For many people in Wales, what happened at Grenfell Tower brought back painful memories of Aberfan half a century ago.
Both tragedies involved safety failures leading to the deaths of many children and adults. Both involved working class communities who were completely ignored when they tried to warn that their lives were being put at risk by cost-cutting measures.
Both revealed, with devastating clarity, the scale of the power difference between individuals and the corporate interests that shape their lives.
And like Aberfan, the implications of Grenfell are likely to reach far into the future.
Within Wales, the reaction has been swift: the Welsh Government set up an expert group to examine all the lessons to emerge from the Grenfell Tower tragedy and what they mean for Wales. Housing associations have sought to reassure their tenants and the public that none of their high-rises have the same type of cladding as was used in Grenfell.
Despite this, however, we believe few landlords have so far sent samples of cladding for testing via the free service set up by the UK Government. This has led Carl Sergeant AM, Cabinet Secretary for Communities and Children, to order social landlords to use the service if they suspect this type of cladding might have been used.
This is a highly welcome move in light of new information suggesting that two areas in Wales may have high-rises using that type of cladding.
Social tenants in Wales deserve solid test results, not verbal reassurances.
But what about the thousands of people in Wales who live in private high-rises, either as tenants or homeowners? What reassurances can they be given?
Back in 2011, Ann Jones AM came in for severe criticism for proposing legislation to make sprinklers mandatory in all new builds. Four years after the law was finally passed, those who opposed it increasingly seem on the wrong side of history.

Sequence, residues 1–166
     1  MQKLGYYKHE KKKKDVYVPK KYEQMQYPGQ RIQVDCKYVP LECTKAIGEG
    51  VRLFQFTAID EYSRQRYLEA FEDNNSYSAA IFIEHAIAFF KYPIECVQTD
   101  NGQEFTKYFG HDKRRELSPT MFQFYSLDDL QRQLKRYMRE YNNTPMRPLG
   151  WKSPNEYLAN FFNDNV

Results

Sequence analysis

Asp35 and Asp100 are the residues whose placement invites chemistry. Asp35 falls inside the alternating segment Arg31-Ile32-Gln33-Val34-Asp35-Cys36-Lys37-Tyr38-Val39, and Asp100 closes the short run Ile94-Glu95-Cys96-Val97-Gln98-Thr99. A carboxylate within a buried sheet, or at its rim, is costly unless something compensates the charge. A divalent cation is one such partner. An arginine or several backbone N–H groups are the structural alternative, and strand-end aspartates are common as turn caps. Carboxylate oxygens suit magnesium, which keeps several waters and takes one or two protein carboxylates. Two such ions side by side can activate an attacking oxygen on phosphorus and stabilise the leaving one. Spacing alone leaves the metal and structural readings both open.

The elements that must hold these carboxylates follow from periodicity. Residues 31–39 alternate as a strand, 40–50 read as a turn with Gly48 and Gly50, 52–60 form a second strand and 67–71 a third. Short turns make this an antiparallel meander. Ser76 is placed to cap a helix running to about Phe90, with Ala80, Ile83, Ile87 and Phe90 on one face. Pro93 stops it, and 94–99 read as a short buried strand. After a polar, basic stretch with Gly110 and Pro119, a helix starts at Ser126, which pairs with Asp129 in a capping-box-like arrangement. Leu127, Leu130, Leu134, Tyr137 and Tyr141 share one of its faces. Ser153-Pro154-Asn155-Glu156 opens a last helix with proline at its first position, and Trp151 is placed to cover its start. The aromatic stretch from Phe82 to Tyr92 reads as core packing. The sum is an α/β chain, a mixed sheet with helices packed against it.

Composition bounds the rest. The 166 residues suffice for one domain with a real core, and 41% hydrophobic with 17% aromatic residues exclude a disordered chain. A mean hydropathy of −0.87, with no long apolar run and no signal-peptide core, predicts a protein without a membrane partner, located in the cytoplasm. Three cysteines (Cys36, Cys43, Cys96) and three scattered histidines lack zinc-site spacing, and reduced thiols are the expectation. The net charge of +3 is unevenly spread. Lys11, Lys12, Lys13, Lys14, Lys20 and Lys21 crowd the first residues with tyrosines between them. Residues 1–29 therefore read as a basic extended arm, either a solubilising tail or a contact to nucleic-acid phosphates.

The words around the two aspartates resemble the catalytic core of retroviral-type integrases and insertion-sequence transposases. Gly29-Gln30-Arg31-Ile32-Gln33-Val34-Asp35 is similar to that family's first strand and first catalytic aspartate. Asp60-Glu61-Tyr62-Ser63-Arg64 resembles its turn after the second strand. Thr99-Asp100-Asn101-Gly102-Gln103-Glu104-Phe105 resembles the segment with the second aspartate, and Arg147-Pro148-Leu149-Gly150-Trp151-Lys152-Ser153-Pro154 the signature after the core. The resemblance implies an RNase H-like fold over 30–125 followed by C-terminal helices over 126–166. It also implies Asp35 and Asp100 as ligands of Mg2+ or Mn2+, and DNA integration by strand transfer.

But it’s not currently clear whether sprinklers would have averted the disaster at Grenfell. And there are many high-rises in Wales built before the law came into force.
The UK Government has now offered the free testing service to private high-rise building managers and owners.
In Wales, we are better placed to reach out to private landlords and agents via Rent Smart Wales – the new mandatory licensing regime.
Welsh Government’s assertive response to Grenfell could be continued and strengthened by ordering the private rented sector to get cladding tested.
Looking further ahead, when the Welsh Government’s long-delayed Fitness for Human Habitation Regulations are finally published for consultation later this year, a focus on fire safety – and, crucially, enforcement of tenants’ rights – will be incredibly important.
We also need to ensure that tenants’ views are taken seriously – a challenge that will undoubtedly be harder in the wake of recent funding cuts to grassroots tenant groups.
In the meantime, the people of Wales have carried out many acts of solidarity with Grenfell residents, raising funds, offering spare beds and emergency supplies.
Sometimes it’s hard to see history repeating itself.
Moving is one of the most stressful events in a person’s life. Anyone who has had to move home will understand this, but put yourself in Emma’s shoes…
Imagine having to move with your child four times in three years, through no fault of your own. Worse yet, imagine that when you are searching for private rented properties they are either too expensive, too far away from your family and friends, or in a poor condition.